Project knowledge will lead to further soil restoration
A RESEARCH project on the Clybucca floodplain between Macksville and Kempsey will help find remedial solutions when dealing with acid sulfate soils.
The NSW Department of Primary Industries allocated $365,000 to North Coast Local Land Services to deliver a strategy complete with engineering design options to improve water management.
DPI Fisheries manager Charlotte Jenkins said the research scope was multi-focused, aiming to provide plans that would incorporate improvements to the current drainage network for increased productivity on floodplain farm land.
"It will also aim to neutralise acidic conditions across a large area of Mayes and Doughboy Swamps, improve freshwater wetland condition, and rehabilitate estuarine habitat,” she said.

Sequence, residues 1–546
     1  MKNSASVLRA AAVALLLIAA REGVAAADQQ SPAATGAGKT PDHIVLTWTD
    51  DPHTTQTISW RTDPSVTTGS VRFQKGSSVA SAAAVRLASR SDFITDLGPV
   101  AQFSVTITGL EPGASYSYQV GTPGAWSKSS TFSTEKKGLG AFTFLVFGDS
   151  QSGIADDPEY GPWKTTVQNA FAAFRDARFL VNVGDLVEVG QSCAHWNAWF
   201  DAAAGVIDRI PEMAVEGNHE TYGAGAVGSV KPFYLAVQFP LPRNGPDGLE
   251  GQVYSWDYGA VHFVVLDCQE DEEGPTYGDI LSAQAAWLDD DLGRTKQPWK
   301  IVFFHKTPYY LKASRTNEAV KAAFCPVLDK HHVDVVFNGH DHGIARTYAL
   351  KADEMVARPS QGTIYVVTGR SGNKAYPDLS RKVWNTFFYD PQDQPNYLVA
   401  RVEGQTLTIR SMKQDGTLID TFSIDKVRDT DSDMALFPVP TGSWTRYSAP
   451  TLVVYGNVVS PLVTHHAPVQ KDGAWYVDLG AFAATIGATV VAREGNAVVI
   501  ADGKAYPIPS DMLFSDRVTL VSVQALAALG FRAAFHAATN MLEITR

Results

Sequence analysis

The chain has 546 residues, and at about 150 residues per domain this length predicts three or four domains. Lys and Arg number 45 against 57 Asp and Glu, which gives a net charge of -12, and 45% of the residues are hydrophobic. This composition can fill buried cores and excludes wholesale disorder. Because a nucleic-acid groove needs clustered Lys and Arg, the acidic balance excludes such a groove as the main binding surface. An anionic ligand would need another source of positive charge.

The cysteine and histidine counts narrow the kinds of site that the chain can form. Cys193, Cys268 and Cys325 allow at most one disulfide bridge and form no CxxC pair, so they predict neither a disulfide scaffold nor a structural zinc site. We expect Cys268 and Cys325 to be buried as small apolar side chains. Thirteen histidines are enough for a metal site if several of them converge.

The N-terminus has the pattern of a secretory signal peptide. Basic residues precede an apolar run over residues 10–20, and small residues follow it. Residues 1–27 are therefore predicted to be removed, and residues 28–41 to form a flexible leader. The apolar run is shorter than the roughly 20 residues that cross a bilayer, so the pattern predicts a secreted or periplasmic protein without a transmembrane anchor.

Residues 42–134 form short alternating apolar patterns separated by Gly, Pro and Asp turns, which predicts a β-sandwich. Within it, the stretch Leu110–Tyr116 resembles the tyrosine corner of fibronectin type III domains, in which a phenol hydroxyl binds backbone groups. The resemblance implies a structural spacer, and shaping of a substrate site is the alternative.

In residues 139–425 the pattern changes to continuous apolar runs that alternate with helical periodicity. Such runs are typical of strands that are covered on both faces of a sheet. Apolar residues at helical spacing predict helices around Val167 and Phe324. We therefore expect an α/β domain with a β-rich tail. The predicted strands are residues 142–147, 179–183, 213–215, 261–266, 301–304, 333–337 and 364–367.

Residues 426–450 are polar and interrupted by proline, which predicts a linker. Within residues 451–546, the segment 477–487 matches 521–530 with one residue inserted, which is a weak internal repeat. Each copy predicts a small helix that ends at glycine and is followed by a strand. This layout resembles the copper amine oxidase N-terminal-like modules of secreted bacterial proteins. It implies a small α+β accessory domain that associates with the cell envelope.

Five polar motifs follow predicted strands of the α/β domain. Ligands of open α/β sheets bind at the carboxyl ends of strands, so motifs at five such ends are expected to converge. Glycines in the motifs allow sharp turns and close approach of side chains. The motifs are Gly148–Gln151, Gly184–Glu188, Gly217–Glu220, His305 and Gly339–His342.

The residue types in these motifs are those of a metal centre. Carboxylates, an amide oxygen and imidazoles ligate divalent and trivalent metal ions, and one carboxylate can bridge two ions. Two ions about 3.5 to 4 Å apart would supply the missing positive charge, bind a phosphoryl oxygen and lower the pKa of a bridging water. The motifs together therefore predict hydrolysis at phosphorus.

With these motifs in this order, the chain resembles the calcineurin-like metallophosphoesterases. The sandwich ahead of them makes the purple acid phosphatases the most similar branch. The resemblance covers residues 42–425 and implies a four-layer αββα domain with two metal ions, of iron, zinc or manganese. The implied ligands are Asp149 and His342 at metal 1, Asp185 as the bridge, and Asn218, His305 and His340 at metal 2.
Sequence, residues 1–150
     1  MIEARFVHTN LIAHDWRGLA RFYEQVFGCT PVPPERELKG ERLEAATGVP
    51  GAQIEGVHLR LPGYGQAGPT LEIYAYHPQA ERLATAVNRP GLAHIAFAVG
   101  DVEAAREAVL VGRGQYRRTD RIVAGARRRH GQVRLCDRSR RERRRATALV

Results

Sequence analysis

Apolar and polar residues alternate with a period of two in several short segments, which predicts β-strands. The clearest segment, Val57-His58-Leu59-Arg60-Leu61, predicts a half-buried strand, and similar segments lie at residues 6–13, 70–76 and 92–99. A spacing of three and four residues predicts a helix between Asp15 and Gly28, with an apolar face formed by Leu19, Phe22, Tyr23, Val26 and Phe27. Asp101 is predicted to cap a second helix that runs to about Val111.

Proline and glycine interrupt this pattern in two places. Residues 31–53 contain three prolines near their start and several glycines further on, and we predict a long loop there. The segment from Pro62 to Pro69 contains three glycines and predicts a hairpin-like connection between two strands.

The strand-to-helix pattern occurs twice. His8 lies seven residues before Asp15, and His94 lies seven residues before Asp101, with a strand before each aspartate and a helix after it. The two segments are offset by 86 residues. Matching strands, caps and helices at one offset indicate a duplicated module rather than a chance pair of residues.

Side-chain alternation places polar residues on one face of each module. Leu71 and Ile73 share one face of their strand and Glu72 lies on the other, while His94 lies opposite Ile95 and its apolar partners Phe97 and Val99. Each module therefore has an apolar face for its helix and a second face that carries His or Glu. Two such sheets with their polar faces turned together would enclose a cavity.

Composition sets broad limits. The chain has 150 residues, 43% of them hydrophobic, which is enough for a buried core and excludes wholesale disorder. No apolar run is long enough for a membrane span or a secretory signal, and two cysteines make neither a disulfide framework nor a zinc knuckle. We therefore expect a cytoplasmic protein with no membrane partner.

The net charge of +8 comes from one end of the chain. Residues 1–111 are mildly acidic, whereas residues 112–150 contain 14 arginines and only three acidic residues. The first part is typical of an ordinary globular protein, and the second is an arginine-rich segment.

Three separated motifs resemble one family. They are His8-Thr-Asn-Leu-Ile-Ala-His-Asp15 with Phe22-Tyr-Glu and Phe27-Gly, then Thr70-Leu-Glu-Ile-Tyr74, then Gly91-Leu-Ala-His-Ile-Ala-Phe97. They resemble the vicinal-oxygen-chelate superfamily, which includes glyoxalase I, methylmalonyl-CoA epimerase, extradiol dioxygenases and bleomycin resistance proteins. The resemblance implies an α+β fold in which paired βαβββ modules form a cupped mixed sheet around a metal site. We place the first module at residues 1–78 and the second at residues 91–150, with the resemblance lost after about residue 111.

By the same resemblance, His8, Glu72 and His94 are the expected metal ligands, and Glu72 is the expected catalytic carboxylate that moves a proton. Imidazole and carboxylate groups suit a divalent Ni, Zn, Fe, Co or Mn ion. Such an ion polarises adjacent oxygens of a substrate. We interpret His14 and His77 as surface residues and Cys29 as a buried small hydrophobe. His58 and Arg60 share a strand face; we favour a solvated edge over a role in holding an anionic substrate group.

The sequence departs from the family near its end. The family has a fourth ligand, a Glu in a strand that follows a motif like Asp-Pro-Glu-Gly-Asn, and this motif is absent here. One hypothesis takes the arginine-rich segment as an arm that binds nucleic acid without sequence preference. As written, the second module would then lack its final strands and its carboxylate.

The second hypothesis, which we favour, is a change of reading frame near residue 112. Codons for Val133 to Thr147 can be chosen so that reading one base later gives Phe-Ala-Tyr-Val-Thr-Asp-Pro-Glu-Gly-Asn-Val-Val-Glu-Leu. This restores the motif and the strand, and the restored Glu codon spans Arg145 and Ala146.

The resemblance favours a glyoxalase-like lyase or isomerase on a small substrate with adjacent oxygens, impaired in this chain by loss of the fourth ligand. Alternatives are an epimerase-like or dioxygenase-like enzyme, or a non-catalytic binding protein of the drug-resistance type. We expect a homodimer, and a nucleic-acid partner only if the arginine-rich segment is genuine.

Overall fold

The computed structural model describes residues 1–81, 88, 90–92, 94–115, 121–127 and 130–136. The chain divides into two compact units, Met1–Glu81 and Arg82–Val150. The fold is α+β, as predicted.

"During the development of the plans, extensive landholder and community engagement and detailed water movement modelling will be undertaken to achieve these outcomes.
"Infrastructure such as floodgates constructed mainly in the early 1970s resulted in the exposure of acid sulfate soils in the Clybucca with wider impacts on the estuary.
"This includes loss of fish habitat and an impact on aquatic life such as fish and oysters.”
The Water Research Laboratory at the University of NSW has been engaged to prepare the strategy and to ensure all stakeholders' concerns were addressed.
The DPI sees the remediation strategy as a critical step towards addressing one of the biggest environmental issues in the Kempsey Shire and the North Coast region.
"Clybucca backswamp is one of the largest acid sulfate soil impacted landscapes on Australia's east coast,” Ms Jenkins said.
"Remediation will benefit the whole community, generate jobs and make significant improvements to the local environment.”